A poor diet can lead to an increase in shedding and can reduce the life expectancy of this otherwise healthy breed significantly. Being overweight is a real no-no for these dogs, not only for general health reasons but also to reduce the risk of slipped or ruptured discs.
Make sure you check the labels of any dog food you purchase to get a full understanding of ingredients, nutritional value, and feeding guidelines. When in doubt, contact your local veterinarian for advice.
Dachshunds Need Regular Exercise
Like any dog, this hound group breed needs regular exercise, not only to keep shedding at bay but to stay fit and build strong muscles that support and protect their backs. Two walks every day of moderate length should be sufficient (source).
The British Dachshund Breed Council recommends both on- and off-the-lead walks to ensure your dog builds adequate muscle-tone and a strong body, rather than only free-play in the garden (source).
Be mindful of strenuous activities that impact their back, such as running up and down stairs or jumping up and down furniture.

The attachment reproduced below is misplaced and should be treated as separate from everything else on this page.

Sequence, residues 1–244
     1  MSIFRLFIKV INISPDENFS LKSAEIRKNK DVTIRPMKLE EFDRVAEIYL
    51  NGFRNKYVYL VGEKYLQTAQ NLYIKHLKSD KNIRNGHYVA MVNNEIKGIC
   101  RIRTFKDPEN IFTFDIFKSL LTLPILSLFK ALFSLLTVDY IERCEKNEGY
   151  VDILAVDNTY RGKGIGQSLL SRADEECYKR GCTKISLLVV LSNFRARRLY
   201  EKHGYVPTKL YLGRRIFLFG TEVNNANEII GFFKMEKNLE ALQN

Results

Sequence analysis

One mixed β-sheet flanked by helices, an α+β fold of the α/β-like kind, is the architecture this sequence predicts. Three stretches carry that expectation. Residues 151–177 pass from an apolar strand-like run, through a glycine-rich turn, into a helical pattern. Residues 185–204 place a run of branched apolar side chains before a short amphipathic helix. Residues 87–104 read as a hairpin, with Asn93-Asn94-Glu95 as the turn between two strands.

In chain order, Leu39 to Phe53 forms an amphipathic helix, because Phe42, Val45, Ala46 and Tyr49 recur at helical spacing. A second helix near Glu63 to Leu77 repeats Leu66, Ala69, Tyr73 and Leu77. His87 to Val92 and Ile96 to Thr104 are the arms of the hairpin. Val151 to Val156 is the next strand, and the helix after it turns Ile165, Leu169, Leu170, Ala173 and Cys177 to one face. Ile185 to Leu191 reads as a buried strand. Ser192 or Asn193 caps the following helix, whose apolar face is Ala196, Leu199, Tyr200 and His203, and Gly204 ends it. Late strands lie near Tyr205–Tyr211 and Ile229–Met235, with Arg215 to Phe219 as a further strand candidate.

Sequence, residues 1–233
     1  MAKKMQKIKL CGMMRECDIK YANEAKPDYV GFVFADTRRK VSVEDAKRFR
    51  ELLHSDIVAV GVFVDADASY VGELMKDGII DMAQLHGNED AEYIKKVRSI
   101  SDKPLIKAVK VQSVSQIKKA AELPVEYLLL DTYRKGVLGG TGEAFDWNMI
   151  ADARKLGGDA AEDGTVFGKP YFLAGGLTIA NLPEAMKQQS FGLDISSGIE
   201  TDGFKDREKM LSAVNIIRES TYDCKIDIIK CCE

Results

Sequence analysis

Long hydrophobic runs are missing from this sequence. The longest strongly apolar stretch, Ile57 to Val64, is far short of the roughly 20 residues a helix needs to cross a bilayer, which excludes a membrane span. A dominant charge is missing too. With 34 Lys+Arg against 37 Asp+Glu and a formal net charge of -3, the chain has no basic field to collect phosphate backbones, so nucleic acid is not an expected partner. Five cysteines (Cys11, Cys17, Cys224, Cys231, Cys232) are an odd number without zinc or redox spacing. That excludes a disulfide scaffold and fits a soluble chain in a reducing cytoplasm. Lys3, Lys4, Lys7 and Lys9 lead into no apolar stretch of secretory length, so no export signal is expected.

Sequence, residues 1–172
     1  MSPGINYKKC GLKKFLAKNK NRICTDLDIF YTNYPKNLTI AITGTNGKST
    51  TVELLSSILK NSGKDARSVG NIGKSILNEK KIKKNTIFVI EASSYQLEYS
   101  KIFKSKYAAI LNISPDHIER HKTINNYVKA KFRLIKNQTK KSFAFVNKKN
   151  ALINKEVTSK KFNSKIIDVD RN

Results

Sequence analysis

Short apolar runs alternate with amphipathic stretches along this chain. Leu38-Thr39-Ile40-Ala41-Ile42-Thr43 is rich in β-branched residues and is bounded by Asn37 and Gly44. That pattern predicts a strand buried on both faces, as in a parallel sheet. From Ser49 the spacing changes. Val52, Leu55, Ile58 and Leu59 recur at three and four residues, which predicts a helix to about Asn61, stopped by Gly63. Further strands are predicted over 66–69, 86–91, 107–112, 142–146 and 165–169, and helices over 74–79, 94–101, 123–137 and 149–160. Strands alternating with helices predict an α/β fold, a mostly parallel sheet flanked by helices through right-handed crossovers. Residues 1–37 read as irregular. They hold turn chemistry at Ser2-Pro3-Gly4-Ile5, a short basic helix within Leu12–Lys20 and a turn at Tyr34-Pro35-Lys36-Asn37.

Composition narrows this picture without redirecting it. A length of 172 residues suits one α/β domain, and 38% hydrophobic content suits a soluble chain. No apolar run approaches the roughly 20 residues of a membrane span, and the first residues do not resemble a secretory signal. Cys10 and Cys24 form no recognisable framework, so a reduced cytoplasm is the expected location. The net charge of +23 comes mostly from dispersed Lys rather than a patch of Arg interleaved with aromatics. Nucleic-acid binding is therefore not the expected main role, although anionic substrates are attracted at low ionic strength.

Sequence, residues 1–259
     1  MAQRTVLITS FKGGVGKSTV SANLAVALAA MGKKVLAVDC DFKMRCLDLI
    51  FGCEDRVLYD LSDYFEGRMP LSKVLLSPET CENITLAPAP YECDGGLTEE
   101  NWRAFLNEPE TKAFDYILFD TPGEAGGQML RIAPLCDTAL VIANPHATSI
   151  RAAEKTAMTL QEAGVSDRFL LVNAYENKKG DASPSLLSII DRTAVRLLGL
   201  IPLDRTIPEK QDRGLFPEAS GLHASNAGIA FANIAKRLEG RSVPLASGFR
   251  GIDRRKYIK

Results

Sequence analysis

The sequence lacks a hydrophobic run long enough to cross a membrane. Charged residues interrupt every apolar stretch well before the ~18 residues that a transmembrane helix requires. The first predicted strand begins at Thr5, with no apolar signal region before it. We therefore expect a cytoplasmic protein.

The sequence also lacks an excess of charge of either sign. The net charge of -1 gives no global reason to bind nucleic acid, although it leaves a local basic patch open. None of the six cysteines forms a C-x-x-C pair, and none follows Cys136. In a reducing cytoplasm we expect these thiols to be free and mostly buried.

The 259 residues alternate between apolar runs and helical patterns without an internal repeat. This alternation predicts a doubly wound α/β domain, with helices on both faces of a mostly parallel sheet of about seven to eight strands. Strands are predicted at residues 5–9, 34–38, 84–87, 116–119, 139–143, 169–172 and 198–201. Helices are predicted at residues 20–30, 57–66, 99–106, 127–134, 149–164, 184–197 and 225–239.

Be Aware the Dachshund is a Hot Dog
The dachshund is a highly popular breed for good reasons! They are adorable, intelligent, good with kids, loyal, energetic, and such lovable creatures. Their endearing nature and unique look have won over millions of hearts.
While there is definitely nothing wrong with desiring a high-demand dog, due to its popularity, improper breeding and illegal import activities are a legitimate risk and should be taken into account.
By following the essential tips below, you will minimize unnecessary risks and discover how to become the proud owner of a healthy puppy from a trustworthy registered breeder.
Essential Tips for Getting a Dachshund